Carmen Reinhart and Kenneth Rogoff’s "This Time is Different" Wins CFR’s 2011 Arthur Ross Book Award

This Time is Different: Eight Centuries of Financial Folly (Princeton University Press), by Carmen M. Reinhart and Kenneth S. Rogoff, has won CFR’s tenth annual Arthur Ross Book Award for the best book published on international affairs.

September 9, 2011 10:30 am (EST)

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This Time is Different: Eight Centuries of Financial Folly (Princeton University Press) by Carmen M. Reinhart of the Peterson Institute for International Economics, and Kenneth S. Rogoff of Harvard University has won CFR’s tenth annual Arthur Ross Book Award for the best book published on international affairs. Reinhart and Rogoff received $15,000 and were honored at the Council on Foreign Relations yesterday.

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"Based on deep historical study, Carmen Reinhart and Kenneth Rogoff have constructed the definitive analysis of what causes financial crises, why they reoccur and how they trigger ongoing financial and economic downturns. This landmark analysis, completed just before the 2008 recession, offers some remedies but also a warning: Be skeptical of those who claim that recurring crises can be avoided and therefore ‘this time is different,’" said CFR Counselor James F. Hoge Jr., who chaired the selection committee.

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The silver medal and a prize of $7,500 have been awarded to the Norwegian Defence Research Establishment’s Thomas Hegghammer for Jihad in Saudi Arabia: Violence and Pan-Islamism since 1979 (Cambridge University Press).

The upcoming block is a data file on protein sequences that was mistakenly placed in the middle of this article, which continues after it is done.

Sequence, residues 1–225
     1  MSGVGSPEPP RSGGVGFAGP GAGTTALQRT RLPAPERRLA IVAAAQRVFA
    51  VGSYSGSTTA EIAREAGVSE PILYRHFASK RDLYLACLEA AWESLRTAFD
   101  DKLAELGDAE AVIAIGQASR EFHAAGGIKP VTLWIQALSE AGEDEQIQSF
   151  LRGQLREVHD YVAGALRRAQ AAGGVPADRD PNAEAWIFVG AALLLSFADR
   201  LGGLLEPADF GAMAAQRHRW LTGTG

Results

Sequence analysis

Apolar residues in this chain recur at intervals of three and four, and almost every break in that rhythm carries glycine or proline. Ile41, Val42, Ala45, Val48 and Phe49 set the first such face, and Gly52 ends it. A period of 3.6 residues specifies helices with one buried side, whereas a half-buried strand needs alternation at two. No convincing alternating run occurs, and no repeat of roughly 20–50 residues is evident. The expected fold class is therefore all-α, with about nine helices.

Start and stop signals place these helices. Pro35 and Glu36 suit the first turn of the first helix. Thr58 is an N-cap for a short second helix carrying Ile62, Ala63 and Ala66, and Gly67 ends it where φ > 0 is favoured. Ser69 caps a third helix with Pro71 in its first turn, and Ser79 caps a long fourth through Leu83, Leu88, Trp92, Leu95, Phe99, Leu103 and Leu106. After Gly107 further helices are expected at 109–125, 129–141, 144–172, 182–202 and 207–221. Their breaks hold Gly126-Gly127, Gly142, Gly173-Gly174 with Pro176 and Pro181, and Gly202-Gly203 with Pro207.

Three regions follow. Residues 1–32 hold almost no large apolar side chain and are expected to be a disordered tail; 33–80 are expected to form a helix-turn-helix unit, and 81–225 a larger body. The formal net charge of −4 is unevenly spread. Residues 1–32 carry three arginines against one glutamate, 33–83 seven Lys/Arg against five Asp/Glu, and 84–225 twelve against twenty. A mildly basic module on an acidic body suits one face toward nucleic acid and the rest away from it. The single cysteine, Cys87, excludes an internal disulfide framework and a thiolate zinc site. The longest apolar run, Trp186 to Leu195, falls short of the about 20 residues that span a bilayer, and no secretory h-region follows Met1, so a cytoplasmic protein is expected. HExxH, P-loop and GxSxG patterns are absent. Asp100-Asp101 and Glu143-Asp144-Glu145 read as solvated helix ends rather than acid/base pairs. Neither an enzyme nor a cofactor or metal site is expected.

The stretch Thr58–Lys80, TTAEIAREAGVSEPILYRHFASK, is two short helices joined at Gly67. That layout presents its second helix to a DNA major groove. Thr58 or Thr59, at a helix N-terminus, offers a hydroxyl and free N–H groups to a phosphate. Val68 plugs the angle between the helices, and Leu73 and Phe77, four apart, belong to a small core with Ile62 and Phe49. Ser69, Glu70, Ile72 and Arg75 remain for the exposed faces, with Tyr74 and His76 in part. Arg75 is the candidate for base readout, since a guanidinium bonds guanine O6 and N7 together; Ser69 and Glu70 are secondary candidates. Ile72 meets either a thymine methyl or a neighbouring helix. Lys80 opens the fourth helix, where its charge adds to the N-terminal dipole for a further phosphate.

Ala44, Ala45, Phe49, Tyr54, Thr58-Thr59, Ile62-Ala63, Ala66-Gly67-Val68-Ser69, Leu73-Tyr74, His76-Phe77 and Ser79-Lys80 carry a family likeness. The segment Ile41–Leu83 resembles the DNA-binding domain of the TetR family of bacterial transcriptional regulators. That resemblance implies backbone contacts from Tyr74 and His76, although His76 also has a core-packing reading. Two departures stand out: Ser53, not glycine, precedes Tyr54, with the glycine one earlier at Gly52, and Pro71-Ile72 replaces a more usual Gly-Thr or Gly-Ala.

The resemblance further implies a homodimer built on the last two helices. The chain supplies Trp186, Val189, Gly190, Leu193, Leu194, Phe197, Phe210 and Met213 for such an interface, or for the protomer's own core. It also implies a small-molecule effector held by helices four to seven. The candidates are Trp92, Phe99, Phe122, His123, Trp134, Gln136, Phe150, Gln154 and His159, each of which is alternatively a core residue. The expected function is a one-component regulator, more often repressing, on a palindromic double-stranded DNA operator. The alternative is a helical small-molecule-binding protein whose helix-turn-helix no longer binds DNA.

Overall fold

The jury also awarded an honorable mention and $2,500 to CFR Whitney Shepardson Senior Fellow Charles A. Kupchan for How Enemies Become Friends: The Sources of Stable Peace (Princeton University Press).

Additional shortlist nominees included Columbia University’s Robert Jervis for Why Intelligence Fails: Lessons from the Iranian Revolution and the Iraq War (Cornell University Press), and  Robert D. Kaplan of The Atlantic for Monsoon: The Indian Ocean and the Future of American Power (Random House).

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Endowed by the late Arthur Ross in 2001, this award recognizes nonfiction works, in English or translation, that merit special attention for bringing forth new information that changes the understanding of events or problems, developing analytical approaches that allow new and different insights into critical issues, or providing new ideas that help resolve foreign policy problems.


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Liaquat Ahamed for Lords of Finance: The Bankers Who Broke the World (Penguin Group)

Philip P. Pan for Out of Mao’s Shadow: The Struggle for the Soul of a New China (Simon & Schuster)

Paul Collier for The Bottom Billion: Why the Poorest Countries Are Failing and What Can Be Done About It (Oxford University Press)

Kwame Anthony Appiah for Cosmopolitanism: Ethics in a World of Strangers (W.W. Norton)

Tony Judt for Postwar: A History of Europe Since 1945 (Penguin Press)

Steve Coll for Ghost Wars: The Secret History of the CIA, Afghanistan, and bin Laden, from the Soviet Invasion to September 10, 2001 (Penguin Press)

Daniel Benjamin and Steven Simon for The Age of Sacred Terror: Radical Islam’s War Against America (Random House)

Samantha Power for “A Problem from Hell”: America and the Age of Genocide (Basic Books)

Robert Skidelsky for John Maynard Keynes: Fighting for Freedom 1937-1946 (Viking)



Stanley Hoffmann, Paul and Catherine Buttenwieser University Professor, Harvard University

James F. Hoge Jr. (Chairman), Counselor, CFR

Robert W. Kagan, Senior Fellow, Foreign Policy, The Brookings Institution

Miles Kahler, Rohr Professor of Pacific International Relations, University of California, San Diego

Mary Elise Sarotte, Professor of International Relations, University of Southern California

Stephen M. Walt, Robert and Renee Belfer Professor of International Affairs, John F. Kennedy School of Government, Harvard University


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